Can Food Help Reduce Stress?

What do you eat when you are feeling “over-the-top” stress?


Fresh vegetables, fresh fish, fresh meat and fresh fruit are your best antidote to stress.  Why?  Vitamins and minerals.

The more we do to food, the less nutritious it is.  Fast food has only one redeeming quality:  fast.  For an already stressed body, fast food adds that much more stress to a system which is already exhibiting the ravages of acute stress.  It’s very difficult to digest the sugars and fats contained in fast food.

Try to make those fresh food items organic as much as possible.

Stress revs up the production of insulin and cortisol.  This is one of the reasons that some people, under constant stress, gain a lot of weight contrary to the popular belief that stress makes you thin.  In fact, in some people, going on holidays helps them get thinner because their body is not producing excess insulin and cortisol. Fresh food, high in fiber, helps regulate those hormones.

Your digestive process is affected by stress as well as every other part of your body. Therefore, it is critical that you pay attention to the amount of fiber in your diet.  Our tendency is to reach for the high carbohydrates and sugars such as potatoes and candy to give us that “boost”.  With any boost, also comes the “crash”.

Good Habits

There is nothing here that you don’t already know but, if you’re acutely stressed, you likely don’t do:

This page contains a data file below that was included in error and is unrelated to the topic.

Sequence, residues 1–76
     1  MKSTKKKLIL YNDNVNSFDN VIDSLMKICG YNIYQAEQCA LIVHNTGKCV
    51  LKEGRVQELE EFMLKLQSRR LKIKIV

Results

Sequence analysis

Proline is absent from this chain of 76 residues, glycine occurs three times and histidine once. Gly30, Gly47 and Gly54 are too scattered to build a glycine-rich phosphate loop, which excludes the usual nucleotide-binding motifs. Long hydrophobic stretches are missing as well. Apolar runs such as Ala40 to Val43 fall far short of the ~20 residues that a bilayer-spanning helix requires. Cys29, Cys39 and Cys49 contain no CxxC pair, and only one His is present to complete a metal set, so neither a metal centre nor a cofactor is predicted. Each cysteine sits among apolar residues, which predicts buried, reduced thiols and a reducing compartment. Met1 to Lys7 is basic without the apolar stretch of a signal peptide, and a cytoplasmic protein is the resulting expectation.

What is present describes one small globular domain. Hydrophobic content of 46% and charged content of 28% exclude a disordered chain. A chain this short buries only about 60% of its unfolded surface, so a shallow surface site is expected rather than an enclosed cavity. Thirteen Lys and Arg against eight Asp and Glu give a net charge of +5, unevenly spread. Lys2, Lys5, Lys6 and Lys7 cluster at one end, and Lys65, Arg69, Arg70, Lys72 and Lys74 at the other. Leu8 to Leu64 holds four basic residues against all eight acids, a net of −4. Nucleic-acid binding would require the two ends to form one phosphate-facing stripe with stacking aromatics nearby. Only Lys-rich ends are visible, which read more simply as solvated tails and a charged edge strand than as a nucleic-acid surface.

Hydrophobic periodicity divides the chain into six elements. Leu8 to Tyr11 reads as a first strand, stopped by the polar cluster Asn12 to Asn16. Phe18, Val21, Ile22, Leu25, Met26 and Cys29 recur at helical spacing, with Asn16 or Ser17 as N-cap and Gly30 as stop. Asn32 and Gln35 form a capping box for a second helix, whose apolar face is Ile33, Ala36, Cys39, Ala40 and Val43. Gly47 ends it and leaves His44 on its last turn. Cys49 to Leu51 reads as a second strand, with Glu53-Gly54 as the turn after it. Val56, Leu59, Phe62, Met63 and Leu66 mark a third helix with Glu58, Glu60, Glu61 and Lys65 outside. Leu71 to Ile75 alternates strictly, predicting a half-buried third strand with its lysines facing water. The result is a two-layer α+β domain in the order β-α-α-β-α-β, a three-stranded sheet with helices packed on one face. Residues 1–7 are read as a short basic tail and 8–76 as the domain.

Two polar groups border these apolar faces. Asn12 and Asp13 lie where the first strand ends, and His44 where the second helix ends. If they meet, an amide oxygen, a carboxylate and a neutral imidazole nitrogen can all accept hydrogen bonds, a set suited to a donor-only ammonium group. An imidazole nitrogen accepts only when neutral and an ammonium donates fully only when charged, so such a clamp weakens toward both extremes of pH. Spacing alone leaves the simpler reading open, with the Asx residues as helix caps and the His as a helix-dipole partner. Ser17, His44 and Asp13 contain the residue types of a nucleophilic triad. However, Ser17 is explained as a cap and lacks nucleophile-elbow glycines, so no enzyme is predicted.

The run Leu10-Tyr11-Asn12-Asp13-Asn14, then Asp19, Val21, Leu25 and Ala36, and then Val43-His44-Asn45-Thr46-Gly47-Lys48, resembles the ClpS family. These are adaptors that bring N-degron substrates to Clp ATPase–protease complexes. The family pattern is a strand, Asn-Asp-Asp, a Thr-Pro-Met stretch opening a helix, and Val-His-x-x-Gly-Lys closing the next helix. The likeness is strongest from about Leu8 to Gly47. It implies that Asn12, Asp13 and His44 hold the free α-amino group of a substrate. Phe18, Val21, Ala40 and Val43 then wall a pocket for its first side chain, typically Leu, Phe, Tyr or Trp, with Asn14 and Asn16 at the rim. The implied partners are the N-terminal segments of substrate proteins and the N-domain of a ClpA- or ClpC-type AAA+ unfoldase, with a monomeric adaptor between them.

• drink plenty of water throughout the day
  • eat low fat proteins such as fish, chicken, turkey
  • snack on fresh fruit such as apples, berries, oranges, grapefruit – have a bowl of apples on your desk –
  • eat fresh vegatables as much as possible – with all the colors, shapes, textures, and flavors, there’s something for everyone – stir fries during the week for dinner are quick and colorful and eating raw vegetables or salad (limit dressing) for lunch with some protein is ideal
  • limit the amount of starchy foods such as bread, rice, pasta and potatoes.  When you do enjoy them, make sure they are items such as brown or wild rice, whole grain pasta and breads, and preferably sweet potatoes as opposed to regular potatoes and preferably baked, not fried.
  • consume dairy for calcium – milk, cottage cheese, small amounts of cheese
  • instead of coffee, drink herbal teas – there are so many flavors on the market today which are non-caffeine, it can be a great new adventure to discover them all

Additional Help for Your Body

Do remember too to take supplements

  • overall good multiple vitamin
  • extra multiple vitamin B
  • essential fatty acids preferably from good sources of cold water fish oil
  • if you’re having digestive problems, digestive enzymes  or acidophilus
  • vitamin C – at least 1000 milligrams a day
  • Vitamin E, Selenium, CoQ10
  • magnesium/calcium assists hormone levels

There are some herbs which can be helpful and can be taken as a tincture or tea as magnolia bark, passionflower, valerian, St. John’s Wort, Kava Kava, Lavender.  My favorite is lavender on my pillow at night, in my hand lotion during the day, and in the potpourri form in my clothes drawers.

Pay attention to what goes into your body and what foods your body has a negative reaction to.  If you experience acid reflux, apple cider vinegar in a glass of water clears it up.

Can Food Help Reduce Stress?

Of course!  A healthy body gives you the resilience to cope and the brain power to find solutions.  If your body is having to deal with food which only stresses it such as high carbohydrate or high fat, it’s adding stress rather than relieving it not to mention how awful you feel overall.

Eat well, drink wisely, and help your body give you the energy you need to cope with your stresses.

It’s easy – just think fresh!

Lorraine Arams

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